Erin Stone sorts through piles of donated goods. Though the city has been under stay-at-home orders, she is still working, along with the 21 nonprofits that make up the Fruit Ridge Collaborative. They’re assembling clothing packages, giving out hot meals, helping people find work and providing Zoom counseling sessions to the community — all services provided free of cost.
“We’re just trying to make sure that we have stuff for all of our families, especially as the weather starts to change, but they can’t just go to the store and pick up clothes and T-shirts right now,” said Stone, who is the collaborative’s site manager.
She says the need for the nonprofits’ services has been even greater during the pandemic. But the collaborative, which operates out of a former elementary school in Oak Park, may be facing an even bigger challenge than the coronavirus.
Their lease with Sacramento City Unified School District ends in July, and they may not have the funds to renew it.
Staci Anderson, director of PRO Youth and Families, the organization that manages the collaborative, says they are looking for funding and working on a sustainability plan to make sure the Fruit Ridge Collaborative can keep going.
The group had been hoping for $85,000 from the city’s Measure U fund to cover its lease and some plans for expansion and building upkeep. Measure U was a half-cent sales tax expansion approved by voters in 2018, and city officials promised much of it would go toward development in underserved neighborhoods.
In February, Fruit Ridge Collaborative presented to the Measure U Community Advisory Committee and was working on revisions to its proposal.
“We were very, very close to receiving that money,” Anderson said.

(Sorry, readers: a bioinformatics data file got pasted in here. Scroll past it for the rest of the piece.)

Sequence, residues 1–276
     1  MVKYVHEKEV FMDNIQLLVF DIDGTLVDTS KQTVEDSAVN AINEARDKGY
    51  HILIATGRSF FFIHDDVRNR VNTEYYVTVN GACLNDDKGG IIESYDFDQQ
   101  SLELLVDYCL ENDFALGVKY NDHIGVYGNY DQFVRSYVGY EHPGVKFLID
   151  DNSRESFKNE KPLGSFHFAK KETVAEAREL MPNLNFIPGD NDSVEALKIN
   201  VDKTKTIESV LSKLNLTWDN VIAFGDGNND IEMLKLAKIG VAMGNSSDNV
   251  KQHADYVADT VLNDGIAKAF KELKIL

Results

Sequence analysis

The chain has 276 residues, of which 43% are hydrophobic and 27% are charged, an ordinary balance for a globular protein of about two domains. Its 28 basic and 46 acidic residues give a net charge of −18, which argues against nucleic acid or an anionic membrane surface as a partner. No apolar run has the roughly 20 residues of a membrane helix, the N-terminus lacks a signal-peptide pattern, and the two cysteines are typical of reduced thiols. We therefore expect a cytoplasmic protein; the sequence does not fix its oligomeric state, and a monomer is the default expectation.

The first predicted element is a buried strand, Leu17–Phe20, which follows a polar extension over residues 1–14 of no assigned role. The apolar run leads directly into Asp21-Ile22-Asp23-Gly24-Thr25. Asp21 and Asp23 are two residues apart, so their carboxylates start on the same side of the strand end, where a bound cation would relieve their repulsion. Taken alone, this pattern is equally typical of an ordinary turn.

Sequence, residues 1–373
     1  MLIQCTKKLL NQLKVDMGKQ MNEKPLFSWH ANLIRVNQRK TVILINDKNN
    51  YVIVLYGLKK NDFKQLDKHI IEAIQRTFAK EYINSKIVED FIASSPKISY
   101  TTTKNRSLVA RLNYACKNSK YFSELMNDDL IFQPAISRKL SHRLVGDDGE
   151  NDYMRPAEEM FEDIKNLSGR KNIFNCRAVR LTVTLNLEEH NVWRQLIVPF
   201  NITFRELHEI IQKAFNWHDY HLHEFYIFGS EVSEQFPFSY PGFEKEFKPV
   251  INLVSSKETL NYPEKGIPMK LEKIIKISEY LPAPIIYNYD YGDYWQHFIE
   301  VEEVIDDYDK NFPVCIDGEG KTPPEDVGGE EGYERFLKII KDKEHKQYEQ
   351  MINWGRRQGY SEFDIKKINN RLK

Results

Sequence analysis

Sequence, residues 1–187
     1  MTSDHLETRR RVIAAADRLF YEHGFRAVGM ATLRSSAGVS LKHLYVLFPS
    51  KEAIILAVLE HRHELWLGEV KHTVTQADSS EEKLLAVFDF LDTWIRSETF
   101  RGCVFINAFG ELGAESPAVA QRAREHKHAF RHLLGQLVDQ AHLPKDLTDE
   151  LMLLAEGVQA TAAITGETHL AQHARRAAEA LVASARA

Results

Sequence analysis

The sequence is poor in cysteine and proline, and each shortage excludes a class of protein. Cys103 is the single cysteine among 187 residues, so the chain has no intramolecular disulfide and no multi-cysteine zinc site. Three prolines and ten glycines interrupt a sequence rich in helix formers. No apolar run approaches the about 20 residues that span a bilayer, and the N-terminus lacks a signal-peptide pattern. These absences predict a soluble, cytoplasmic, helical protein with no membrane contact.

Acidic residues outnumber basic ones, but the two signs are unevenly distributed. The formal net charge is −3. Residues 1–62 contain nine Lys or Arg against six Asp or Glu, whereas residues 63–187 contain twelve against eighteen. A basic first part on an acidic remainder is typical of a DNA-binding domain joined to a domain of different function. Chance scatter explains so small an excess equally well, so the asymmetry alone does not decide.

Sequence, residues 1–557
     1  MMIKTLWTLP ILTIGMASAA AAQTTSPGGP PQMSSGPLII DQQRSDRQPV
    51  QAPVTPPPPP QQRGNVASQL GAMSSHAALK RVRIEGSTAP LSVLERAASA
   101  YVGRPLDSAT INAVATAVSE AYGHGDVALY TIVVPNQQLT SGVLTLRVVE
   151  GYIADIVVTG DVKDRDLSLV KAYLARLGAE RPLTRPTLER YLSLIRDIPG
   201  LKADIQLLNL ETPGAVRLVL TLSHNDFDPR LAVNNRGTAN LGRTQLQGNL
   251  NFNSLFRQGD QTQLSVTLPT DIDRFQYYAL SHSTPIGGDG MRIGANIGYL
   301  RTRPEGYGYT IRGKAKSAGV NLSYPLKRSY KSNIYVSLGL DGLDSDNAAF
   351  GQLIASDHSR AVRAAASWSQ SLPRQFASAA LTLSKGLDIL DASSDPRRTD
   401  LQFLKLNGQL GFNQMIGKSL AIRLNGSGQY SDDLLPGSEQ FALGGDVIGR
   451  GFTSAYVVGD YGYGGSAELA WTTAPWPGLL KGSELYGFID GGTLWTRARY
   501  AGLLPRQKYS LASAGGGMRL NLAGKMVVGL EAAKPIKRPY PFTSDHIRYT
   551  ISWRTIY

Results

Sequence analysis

But then the coronavirus hit, and stay-at-home orders shuttered businesses across the city.
Now, in its recent budget proposal, the city manager’s office anticipates a $90 million loss in revenue, and the city is looking toward Measure U — which had been bringing in about $80 to $90 million a year in sales tax — to close the gap.
That means possibly no funding for groups like the Fruit Ridge Collaborative.
Mayor Darrell Steinberg says he hopes that some federal stimulus money — of which Sacramento received $89.6 million — could be used instead.
“I did promise the voters that we would devote the majority of that second half-cent [of Measure U] to economic inclusion, to invest in workforce and young people, job creation and affordable housing,” Steinberg said. “Now, of course, what is happening because of COVID-19 is that the city finance department projects that the bottom is going to fall out of the city sales tax revenue.”
The federal funds have certain restrictions, however; they must be spent before the end of the calendar year, for example, and can’t be used to fill budget gaps. City Council will be looking at how to allocate these funds in the coming weeks.
Yvette Madkins runs Outside the Walls, a small nonprofit that is a part of the Fruit Ridge Collaborative and is dedicated to counseling inmates and former inmates. She says she hoped the city would eventually be able to give money to Fruit Ridge Collaborative.
“We’re looking forward to the city staying true to their word so we can continue to do our part to help better our communities,” Madkins said.
But Stevante Clark, who is on the Measure U Community Advisory Committee that was reviewing proposals like Fruit Ridge Collaborative’s back in February, was not so sure.
“We talked about Measure U, we got it approved, we say it’s for an inclusive economy for all, but what we’re not doing is we’re not seeing it,” Clark said. “I’m just upset on how our communities are used to get a lot of measures passed, but once they’re passed our communities get tossed in the back.”
Anderson is also worried. She said her organization has been applying elsewhere for funding and is actively negotiating with the school district, but she also acknowledges that funds are difficult to find anywhere at this point.
“What we’ve seen repeatedly is the promise of Measure U,” she said. “We were super close and now we’re back to zero. I don’t have great faith that we’ll end up seeing any of that money.”
The collaborative has until July 1 to negotiate a new lease with the school district.
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